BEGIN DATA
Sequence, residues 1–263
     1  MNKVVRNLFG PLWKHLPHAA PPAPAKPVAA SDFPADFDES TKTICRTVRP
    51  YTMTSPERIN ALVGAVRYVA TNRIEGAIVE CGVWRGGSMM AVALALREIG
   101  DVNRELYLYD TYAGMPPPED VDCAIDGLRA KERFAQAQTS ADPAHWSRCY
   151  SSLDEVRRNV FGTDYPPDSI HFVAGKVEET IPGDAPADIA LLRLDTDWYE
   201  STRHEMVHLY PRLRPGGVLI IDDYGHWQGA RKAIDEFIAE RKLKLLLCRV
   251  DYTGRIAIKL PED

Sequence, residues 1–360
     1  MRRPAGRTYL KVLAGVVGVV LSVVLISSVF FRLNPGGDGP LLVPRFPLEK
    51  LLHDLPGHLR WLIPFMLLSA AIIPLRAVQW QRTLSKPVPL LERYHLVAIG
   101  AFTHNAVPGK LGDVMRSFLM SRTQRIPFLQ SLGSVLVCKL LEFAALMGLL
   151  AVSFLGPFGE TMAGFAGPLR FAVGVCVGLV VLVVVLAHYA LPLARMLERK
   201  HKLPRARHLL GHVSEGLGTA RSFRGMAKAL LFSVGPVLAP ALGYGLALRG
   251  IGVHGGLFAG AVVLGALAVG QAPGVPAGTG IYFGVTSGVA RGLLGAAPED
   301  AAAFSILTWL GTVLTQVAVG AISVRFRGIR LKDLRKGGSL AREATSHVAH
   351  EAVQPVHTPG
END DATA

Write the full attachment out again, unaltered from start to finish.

Sequence, residues 1–263
     1  MNKVVRNLFG PLWKHLPHAA PPAPAKPVAA SDFPADFDES TKTICRTVRP
    51  YTMTSPERIN ALVGAVRYVA TNRIEGAIVE CGVWRGGSMM AVALALREIG
   101  DVNRELYLYD TYAGMPPPED VDCAIDGLRA KERFAQAQTS ADPAHWSRCY
   151  SSLDEVRRNV FGTDYPPDSI HFVAGKVEET IPGDAPADIA LLRLDTDWYE
   201  STRHEMVHLY PRLRPGGVLI IDDYGHWQGA RKAIDEFIAE RKLKLLLCRV
   251  DYTGRIAIKL PED

Sequence, residues 1–360
     1  MRRPAGRTYL KVLAGVVGVV LSVVLISSVF FRLNPGGDGP LLVPRFPLEK
    51  LLHDLPGHLR WLIPFMLLSA AIIPLRAVQW QRTLSKPVPL LERYHLVAIG
   101  AFTHNAVPGK LGDVMRSFLM SRTQRIPFLQ SLGSVLVCKL LEFAALMGLL
   151  AVSFLGPFGE TMAGFAGPLR FAVGVCVGLV VLVVVLAHYA LPLARMLERK
   201  HKLPRARHLL GHVSEGLGTA RSFRGMAKAL LFSVGPVLAP ALGYGLALRG
   251  IGVHGGLFAG AVVLGALAVG QAPGVPAGTG IYFGVTSGVA RGLLGAAPED
   301  AAAFSILTWL GTVLTQVAVG AISVRFRGIR LKDLRKGGSL AREATSHVAH
   351  EAVQPVHTPG